The days had passed. The evening of the 24th of December finally arrived. Outside the snow was falling in large flakes and the blizzard was so strong that we could hear the wind tapping on the windows and the sky was dark, nothing could be seen through the windows of the manor except the shadow of the huge trees that were hiding the mansion.
Olga and Logan were locked in a room playing with some toys and chatting about this special evening. Logan loved to imagine what kind of present he could get on Christmas evening.
“I hope to get this year the soldiers that match my castle! I’ve waited so long to get them!” cheered Logan.”
“I never liked these kinds of events,” said Olga, with her natural frosty tone.
“Why not? Christmas is great! You will love it here with us. Every year our godfather Drosselmeyer comes and bring us awesome toys he made!” said Logan.
“Don’t be too happy, Logan. The blizzard outside is so strong that uncle Drosselmeyer can’t come until morning. We will spend the night here,” said Fiona, walking in the room.
“Oh no! Wait, Fiona, why did you come in here? Does it mean that?” asked Logan.
Suddenly the lights went out. Everything became silent, except for the blizzard outside. The door opened, a big black silhouette followed, scaring the children.
“Surprise!” screamed Mrs. Hamilton, holding a candle.
Mr. and Mrs. Hamilton stood in front of the door. They were smiling to the top of their laps. Logan was very happy and ran to his parents’ arms. Olga didn’t show any emotions. Fiona noticed it and felt sorry for her. She came closer to her.
“Are you okay?” she asked nicely.
“Yes,” answered Olga.
Mr. and Mrs. Hamilton took the three children down to the living room. They gave Fiona and Logan their presents. Olga silently watched her adoptive brother and sister open their presents with her blue piercing eyes. Mrs. Hamilton watched her.
“Olga? Come here honey, we also have something for you. Godfather Drosselmeyer made it for you,” she said.
Mrs. Hamilton gave Olga a small packed box. Olga unpacked it slowly and discovered a small Nutcracker with a big mouth. The worn paint made it seem old. He was scary with his big black eyes and his big opened mouth. He had a big head and wore a red officer costume. The young girl held it in her hands, intrigued by his gloomy face, when it suddenly surprised her. She thought that the Nutcracker smiled at her. Olga got scared and put him on the table. Mrs. and now Mr. Hamilton looked carefully at her. They tried to make her smile.
“So Olga, do you like it?” asked Mrs. Hamilton, smiling hopefully.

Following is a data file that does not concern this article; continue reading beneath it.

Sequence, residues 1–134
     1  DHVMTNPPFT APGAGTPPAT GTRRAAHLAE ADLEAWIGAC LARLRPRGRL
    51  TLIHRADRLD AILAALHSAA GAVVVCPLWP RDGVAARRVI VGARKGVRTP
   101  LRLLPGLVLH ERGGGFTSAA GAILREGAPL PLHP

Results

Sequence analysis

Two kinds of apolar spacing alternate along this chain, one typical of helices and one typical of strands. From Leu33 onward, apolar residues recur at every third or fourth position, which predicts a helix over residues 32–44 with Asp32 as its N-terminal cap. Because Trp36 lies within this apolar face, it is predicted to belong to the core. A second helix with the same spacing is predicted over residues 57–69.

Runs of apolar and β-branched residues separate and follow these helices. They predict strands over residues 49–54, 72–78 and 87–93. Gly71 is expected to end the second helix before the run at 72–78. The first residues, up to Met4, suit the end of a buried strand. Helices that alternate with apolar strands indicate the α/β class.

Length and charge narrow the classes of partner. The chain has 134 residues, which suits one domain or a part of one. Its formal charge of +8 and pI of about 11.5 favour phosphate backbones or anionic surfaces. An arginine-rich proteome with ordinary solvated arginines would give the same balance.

“Yes. Thank you,” said Olga, lying.
“You know what is it?” asked Mr. Hamilton, also hopeful.
Olga shook her head no.
“It’s a Nutcracker. As the name says, it cracks nuts. When you find a nut too hard for your little teeth, like this one, you put it in his mouth, here. Then you close it, and the nut breaks,” said Mr. Hamilton, showing her.
Olga took the Nutcracker in her hands with amusement. She smiled a little, saying nothing. The Hamilton parents were glad to have made Olga smile finally. But they looked at the big clock in the living room. It was getting late. They looked at their two children, Fiona and Logan, who were playing happily with their new toys.
“Children! It is time for bed now!” shouted Mrs. Hamilton.
Fiona and Logan sighed. They left their toys in the living room and went to their rooms. Olga didn’t move and continued playing with her new toy.
“Olga it is time for bed” said Mr. Hamilton, smiling.
Olga didn’t listen to her adoptive father. The Nutcracker captivated her. The candlelight near her toy made a big and frightening shadow on the wall. Seeing that Olga wouldn’t move, Mr. Hamilton took the candle and smiled at her. It was the only candle left in the living room.
“The Nutcracker can come in bed with you,” he said.
Olga got up with the Nutcracker in her hands and went to the room she shared with Logan. Even though Olga liked her Nutcracker, she felt glad to get in her warm bed. Outside, the blizzard was so strong that the walls couldn’t insulate the house well. A chilly atmosphere reigned in the dusky room. It was silent. Logan slept already. Olga felt a cold blast. She got scared and climbed in her bed, leaving the Nutcracker on her bedside table. The house plunged into a deafening silence. The coldness soon left leaving behind a frightening atmosphere.
Olga woke in the middle of the night from a horrible nightmare. She could have sworn she heard not only footsteps but people talking in the living room.
“Logan? Logan.” she whispered, but no one answered. She looked in the bed next to hers. Even though it was dark, her blue piercing eyes noticed that her adoptive brother’s bed was empty. Then Olga saw a faint light appear in the hallway. She stood up from her bed and walked to the living room. There were voices coming from the living room.